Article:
Over one year, researchers from the universities of Swansea, Leeds and York studied 67 doctors and 30 nurses who carried out upper- and lower-gastrointestinal endoscopy at 23 UK hospitals. Over 1,000 patients completed satisfaction questionnaires one day, one month and one year after the procedure.
Writing online in the BMJ, the researchers said there was ‘little significant difference’ between doctors and nurses in the clinical outcomes of the procedures.
They added that nurses were more thorough in their examination of the stomach and oesophagus, carried out more biopsies than doctors, and patients were significantly more satisfied with nurses one day after the procedure.
In a separate study, published online in BMC Gastroenterology, Southampton University researchers studied the follow-up of 175 dyspeptic patients who had undergone gastroscopy. Half received follow–up from a gastro-intestinal nurse practitioner, while the rest were followed up by their GP.
Patients in the nurse-led group had a full medical history taken, were given counselling and lifestyle advice and leaflets on reflux and dyspepsia, and had an individualised treatment plan agreed with them.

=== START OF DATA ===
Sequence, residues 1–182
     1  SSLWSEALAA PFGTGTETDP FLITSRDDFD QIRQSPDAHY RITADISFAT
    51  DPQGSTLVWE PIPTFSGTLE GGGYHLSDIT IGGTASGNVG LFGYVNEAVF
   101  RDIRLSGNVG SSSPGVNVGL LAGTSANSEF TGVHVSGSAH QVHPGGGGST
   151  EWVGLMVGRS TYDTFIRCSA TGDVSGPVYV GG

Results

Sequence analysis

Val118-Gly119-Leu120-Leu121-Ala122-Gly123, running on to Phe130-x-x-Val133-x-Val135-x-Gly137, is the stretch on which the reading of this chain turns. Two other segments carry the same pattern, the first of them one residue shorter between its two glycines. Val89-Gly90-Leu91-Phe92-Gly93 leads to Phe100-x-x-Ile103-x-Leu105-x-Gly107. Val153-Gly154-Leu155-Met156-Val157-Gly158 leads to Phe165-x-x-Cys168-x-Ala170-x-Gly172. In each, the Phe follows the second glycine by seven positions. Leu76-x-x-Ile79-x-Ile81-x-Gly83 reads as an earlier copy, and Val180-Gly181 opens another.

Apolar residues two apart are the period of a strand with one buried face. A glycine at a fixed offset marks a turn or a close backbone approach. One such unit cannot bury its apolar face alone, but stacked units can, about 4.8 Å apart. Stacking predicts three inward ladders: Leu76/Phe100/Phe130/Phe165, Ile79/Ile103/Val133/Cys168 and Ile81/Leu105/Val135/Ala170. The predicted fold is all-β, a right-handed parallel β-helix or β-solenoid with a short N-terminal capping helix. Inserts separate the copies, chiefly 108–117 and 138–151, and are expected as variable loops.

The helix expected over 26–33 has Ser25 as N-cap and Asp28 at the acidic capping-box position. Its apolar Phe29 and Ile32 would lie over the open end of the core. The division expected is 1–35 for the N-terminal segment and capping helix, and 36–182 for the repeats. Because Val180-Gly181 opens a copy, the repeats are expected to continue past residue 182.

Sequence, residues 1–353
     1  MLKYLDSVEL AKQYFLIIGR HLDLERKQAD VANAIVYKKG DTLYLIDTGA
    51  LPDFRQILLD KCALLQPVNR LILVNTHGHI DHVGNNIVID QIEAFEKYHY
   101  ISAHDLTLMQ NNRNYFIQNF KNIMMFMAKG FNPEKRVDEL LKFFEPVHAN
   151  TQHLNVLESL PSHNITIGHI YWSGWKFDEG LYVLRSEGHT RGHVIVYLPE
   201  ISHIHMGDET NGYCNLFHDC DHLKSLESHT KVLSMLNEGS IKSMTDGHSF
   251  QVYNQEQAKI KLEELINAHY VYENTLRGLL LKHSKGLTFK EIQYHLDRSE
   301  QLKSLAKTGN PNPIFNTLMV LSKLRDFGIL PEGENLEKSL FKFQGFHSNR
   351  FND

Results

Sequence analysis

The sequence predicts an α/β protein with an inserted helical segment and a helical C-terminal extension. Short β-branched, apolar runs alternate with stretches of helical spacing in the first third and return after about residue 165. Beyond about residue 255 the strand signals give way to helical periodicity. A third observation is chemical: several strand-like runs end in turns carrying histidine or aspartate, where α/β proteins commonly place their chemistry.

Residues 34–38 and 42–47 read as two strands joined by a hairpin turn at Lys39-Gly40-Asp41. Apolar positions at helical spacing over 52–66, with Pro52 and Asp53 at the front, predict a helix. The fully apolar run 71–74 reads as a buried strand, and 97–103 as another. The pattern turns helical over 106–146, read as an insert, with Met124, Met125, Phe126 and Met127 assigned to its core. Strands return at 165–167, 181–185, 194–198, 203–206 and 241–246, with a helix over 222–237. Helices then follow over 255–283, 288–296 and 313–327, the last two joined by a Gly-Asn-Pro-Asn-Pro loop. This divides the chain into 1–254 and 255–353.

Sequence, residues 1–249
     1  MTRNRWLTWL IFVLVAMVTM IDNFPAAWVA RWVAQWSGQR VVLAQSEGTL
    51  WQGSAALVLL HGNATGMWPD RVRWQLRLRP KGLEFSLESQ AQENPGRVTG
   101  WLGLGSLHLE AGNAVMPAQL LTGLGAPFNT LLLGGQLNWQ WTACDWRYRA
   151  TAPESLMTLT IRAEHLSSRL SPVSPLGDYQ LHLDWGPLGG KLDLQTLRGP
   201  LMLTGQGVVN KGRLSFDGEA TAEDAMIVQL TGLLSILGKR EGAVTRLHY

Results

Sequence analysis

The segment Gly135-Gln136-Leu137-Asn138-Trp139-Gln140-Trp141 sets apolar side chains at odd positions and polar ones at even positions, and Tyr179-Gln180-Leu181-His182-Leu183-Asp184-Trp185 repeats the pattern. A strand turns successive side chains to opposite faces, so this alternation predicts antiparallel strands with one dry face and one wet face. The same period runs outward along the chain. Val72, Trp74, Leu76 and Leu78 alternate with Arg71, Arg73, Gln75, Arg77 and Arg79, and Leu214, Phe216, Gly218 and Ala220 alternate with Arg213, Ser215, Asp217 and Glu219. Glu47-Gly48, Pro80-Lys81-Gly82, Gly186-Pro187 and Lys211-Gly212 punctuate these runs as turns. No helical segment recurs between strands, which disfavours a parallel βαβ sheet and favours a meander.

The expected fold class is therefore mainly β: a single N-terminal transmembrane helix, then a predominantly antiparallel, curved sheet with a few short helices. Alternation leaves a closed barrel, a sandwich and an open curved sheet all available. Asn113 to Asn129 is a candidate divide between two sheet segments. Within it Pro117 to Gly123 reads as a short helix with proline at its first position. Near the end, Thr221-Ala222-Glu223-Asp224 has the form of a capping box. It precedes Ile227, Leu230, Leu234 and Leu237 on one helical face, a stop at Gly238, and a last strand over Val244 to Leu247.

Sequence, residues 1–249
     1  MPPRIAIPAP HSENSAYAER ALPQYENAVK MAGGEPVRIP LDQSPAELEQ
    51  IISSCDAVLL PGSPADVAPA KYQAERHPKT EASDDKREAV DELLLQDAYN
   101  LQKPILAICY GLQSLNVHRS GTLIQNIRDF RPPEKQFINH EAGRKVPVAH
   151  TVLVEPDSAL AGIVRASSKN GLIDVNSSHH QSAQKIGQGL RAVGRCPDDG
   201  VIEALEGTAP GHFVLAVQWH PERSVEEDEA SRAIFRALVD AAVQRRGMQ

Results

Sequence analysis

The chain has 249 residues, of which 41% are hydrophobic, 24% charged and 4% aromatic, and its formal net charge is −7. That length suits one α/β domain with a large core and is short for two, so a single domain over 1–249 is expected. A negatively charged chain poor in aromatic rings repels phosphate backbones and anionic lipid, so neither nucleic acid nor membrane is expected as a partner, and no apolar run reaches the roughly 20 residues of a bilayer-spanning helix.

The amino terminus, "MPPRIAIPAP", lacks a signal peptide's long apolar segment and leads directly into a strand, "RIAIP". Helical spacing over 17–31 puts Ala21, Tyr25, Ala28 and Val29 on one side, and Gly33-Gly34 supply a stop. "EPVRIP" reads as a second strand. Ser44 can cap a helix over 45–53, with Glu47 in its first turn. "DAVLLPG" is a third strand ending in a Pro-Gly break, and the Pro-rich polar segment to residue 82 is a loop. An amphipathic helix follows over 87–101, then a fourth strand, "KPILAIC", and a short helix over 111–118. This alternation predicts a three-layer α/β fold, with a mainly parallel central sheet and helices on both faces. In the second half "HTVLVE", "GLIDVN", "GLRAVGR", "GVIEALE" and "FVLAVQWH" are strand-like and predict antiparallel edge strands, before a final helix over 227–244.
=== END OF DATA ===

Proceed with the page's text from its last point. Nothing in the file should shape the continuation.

After six months, the researchers found that 30% of the patients who were followed up by their GP did not recall having had their gastroscopy findings explained. Additionally, only 12.5 % received dyspepsia information leaflets and just over half received lifestyle advice.
In contrast, all those who attended the nurse-led clinic said their gastroscopy findings were explained and all received advice and leaflets which enabled them to make positive lifestyle changes.
Christine Norton, professor of gastrointestinal nursing at King’s College London, said there should be more nurse-led services in this area.
‘Nurses are just as good, if not better, than doctors at performing these types of technical procedures,’ she said. ‘Nurses tend to be more approachable and better at explaining things.’
Related article on nursingtimes.net: Scoring system 'superior' to endoscopy for finding low-risk stomach bleeds
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